Wednesday, March 2, 2011

March 2, 1969 – Sino-Soviet War Begins

Due to a delay with fuel transfer, a Soviet patrol on Damansky Island (known as Zhenbao Island to the Chinese) stumbled across a would-be Chinese ambush beginning to move out. The Soviets counter-ambushed the Chinese, killing dozens. Cries for revenge spread over China, prompting Mao Zedong to declare war and storm the disputed territory on March 15. Initial Chinese casualties were high, but the far eastern Soviet stations ran out of munitions and found themselves overwhelmed by May.

The beginning of the altercation could be traced back to 1964, when Mao Zedong, leader of Communist China for over a decade, mentioned during a meeting with socialist Japanese that Tsarist Russia had taken valuable lands from the Chinese in unfair, century-old treaties. Even excluding eastern Siberia, Kamchatka, and other regions that had become all but fully Russian, there were several disputed areas along key rivers, most notably the Ussuri River, where Russia had claimed islands that normal shipping lane agreements would have given to China. Mao's statement spread, and tensions escalated along the 2,738 mile border.

With an initial Soviet victory at Zhenbao sparking the anger that had been brewing for five years since Mao's comments, the Chinese called for vengeance against decades of unfair treatment. China mobilized, as did the Soviet Union under Leonid Brezhnev. With successes in the east, the Chinese launched a western campaign across the disputed Pamir Mountains, where a vague border had been established at the ridge of the Sarikol Range. The invasion proved costly, and the Soviets successfully held Tajikistan. While a tactical defeat, the draw of materiel to Tajikistan allowed for further gains in the east as China marched to the Sea of Okhotsk.

Brezhnev contemplated using the USSR's massive nuclear stockpile against the Chinese, sending out similar diplomatic feelers toward the United States as the US had done earlier in the 1960s in potential attacks against Chinese nuclear weapons sites. The administration of President Richard Nixon made its stance clear that conflict could never again escalate to the point of nuclear war, and that either side that launched first would suffer an immediate declaration of war by the United States. Battles through the summer had gone too far to turn away from fighting, and now Brezhnev was forced to follow the same “limited warfare” as the United States had seen in Korea and, concurrently, in Vietnam.

Although officially neutral, the US seemed to side more with the Chinese. As backroom deals went through, the war in Vietnam transformed from a stalemate to a ceasefire. Communist supplies had been cut from both the Soviet Union and China as they were needed for their own fighting, and leader Ho Chi Minh had died only months after the Sino-Soviet War began, leaving followers without strong connections. The nation was eventually divided peaceably between the Communist north and Capitalist south, action for which US Secretary of State Henry Kissinger would win a Nobel Peace Prize.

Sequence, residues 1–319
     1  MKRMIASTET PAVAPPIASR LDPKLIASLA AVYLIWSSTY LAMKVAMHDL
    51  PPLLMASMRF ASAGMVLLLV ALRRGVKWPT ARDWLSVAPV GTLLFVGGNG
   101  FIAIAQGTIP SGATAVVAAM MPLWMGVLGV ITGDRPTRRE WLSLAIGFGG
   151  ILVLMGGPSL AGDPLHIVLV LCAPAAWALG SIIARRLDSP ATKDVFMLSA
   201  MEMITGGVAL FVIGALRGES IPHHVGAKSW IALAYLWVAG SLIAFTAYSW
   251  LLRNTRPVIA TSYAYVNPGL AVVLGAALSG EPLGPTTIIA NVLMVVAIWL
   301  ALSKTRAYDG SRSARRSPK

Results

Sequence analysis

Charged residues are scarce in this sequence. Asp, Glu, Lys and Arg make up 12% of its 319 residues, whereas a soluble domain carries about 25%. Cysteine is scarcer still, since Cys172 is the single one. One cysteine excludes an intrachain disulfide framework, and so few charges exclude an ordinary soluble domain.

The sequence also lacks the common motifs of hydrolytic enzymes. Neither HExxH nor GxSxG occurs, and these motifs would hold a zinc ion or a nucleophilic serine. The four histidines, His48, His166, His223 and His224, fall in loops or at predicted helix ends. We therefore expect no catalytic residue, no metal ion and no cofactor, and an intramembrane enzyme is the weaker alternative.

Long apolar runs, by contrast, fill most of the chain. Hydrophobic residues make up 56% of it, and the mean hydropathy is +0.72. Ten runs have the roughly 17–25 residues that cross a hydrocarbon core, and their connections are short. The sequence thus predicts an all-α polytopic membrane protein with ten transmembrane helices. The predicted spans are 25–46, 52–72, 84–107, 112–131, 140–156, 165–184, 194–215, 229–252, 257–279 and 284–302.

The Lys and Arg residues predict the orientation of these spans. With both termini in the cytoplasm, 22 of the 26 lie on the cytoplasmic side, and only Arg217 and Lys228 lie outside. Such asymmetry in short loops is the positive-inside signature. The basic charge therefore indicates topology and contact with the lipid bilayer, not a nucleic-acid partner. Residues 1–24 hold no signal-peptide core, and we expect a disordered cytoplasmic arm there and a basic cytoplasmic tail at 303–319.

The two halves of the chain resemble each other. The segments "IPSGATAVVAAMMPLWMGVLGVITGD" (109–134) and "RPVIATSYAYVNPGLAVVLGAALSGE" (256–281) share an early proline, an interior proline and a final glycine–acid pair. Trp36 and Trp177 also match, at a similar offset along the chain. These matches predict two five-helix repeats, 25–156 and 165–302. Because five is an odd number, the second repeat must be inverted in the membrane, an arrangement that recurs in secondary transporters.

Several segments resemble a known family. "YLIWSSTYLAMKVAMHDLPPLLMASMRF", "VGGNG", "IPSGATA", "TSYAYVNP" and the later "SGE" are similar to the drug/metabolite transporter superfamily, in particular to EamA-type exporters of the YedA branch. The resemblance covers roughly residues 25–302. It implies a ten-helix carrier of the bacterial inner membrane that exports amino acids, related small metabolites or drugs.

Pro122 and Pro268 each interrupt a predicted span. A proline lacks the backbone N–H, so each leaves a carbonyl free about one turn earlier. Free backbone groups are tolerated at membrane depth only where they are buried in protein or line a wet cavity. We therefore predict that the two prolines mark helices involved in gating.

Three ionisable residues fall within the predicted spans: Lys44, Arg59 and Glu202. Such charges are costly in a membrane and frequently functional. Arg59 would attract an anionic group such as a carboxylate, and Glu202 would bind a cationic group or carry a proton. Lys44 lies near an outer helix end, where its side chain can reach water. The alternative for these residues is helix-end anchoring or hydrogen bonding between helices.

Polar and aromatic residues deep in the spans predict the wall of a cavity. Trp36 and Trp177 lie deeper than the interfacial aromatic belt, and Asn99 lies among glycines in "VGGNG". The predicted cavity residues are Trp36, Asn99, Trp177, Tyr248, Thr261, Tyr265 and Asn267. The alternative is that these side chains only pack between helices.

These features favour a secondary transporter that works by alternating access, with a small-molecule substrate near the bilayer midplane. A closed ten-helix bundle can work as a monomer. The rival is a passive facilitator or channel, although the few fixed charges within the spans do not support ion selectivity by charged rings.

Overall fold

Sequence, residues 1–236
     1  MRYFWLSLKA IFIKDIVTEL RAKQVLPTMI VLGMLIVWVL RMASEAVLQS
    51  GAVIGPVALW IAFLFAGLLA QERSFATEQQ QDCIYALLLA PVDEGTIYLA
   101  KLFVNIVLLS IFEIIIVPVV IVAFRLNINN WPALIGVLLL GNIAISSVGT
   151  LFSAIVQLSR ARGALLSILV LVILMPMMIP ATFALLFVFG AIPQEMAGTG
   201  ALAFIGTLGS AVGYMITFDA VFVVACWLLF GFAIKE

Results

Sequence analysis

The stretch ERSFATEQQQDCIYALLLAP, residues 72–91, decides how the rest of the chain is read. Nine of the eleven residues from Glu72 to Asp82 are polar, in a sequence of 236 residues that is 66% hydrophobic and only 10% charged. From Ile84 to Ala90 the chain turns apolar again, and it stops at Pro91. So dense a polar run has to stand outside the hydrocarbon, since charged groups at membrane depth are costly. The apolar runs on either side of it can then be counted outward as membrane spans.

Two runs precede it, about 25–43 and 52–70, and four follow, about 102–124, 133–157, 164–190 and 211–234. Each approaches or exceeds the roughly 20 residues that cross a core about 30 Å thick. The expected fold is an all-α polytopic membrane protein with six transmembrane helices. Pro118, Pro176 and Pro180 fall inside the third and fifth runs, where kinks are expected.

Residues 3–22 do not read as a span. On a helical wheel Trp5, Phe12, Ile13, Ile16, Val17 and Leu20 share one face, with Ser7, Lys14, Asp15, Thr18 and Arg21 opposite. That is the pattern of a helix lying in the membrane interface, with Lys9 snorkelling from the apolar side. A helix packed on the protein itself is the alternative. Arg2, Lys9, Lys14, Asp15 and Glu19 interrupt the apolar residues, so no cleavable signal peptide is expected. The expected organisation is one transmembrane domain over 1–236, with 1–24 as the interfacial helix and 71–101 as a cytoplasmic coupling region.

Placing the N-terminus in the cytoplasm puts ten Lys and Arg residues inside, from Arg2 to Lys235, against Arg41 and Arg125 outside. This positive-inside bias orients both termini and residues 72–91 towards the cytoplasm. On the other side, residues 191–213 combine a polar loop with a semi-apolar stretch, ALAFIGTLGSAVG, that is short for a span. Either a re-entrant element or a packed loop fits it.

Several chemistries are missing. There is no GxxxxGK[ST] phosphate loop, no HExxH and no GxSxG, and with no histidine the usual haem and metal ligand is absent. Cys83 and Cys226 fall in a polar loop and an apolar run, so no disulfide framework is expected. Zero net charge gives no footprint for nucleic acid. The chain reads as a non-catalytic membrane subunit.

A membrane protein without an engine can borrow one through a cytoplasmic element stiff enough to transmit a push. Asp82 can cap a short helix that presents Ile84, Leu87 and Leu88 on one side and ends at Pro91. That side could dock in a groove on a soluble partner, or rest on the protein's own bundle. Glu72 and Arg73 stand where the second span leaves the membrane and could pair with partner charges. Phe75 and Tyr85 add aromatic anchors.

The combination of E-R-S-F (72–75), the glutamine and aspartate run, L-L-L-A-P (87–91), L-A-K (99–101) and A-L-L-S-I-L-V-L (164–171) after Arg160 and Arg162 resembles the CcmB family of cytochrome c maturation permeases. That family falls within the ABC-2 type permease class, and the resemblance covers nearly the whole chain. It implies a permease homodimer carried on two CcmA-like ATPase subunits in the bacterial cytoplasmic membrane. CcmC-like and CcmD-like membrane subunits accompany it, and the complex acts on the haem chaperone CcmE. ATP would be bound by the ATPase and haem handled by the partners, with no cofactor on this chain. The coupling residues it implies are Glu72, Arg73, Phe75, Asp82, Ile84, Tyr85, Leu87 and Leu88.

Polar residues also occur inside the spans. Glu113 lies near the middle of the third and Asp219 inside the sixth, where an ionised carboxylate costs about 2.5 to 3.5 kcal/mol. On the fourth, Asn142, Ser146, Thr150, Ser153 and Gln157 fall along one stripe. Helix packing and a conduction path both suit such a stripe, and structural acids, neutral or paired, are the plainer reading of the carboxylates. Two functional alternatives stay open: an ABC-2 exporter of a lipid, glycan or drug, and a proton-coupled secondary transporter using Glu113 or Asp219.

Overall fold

Meanwhile, war between the Soviets and Chinese would drag on through the 1970s. Mongolia and Afghanistan became forced staging grounds between the two powers and suffered heavy civilian casualties. The United States continued to back China, supplying aid in a lend-lease program while never officially outraging the Soviet Union. After a decade of siege and counter-siege, the two nations began to call for an end to the seemingly unwinnable war. In the Treaty of Tashkent in 1982, the war officially ended, though fighting had quieted for some time. Russians had taken their fill of combat and rations, and the seeds of revolt were planted. Brezhnev left office that November, and his successor Yuri Andropov died in February of 1984, prompting revolution rather than instating another General Secretary.

China had become a very different nation by the end of the war. Mao Zedong had died in 1976, and his successors grew close to the Americans for their continuing support. The increase of comfort with capitalism started new economic freedom as well as an influx of American culture. While still carrying a powerful and centralized government, free elections were encouraged through the 1980s, building a new era of prosperity and growth.

The real winner of the war proved to be the United States, whose economy flourished with Chinese repayments of debts as well as in new markets in Eastern Europe where the Soviet collapse created a power-vacuum ready to be filled with blue jeans and McDonald's.

In reality, the Chinese ambush was successful. Fifty-eight Soviet soldiers were killed with 94 more wounded. Soviets retaliated on March 15 with artillery fire and secured Zhenbao Island. The war was cut short when troops were ordered not to fire upon returning Chinese soldiers. After the funeral of Ho Chi Minh, Soviet Prime Minister Alexei Kosygin visited Beijing and restarted diplomatic communication, however frictional. The two would never fully go to war, but gears would be set in motion to break the duality of the Cold War.

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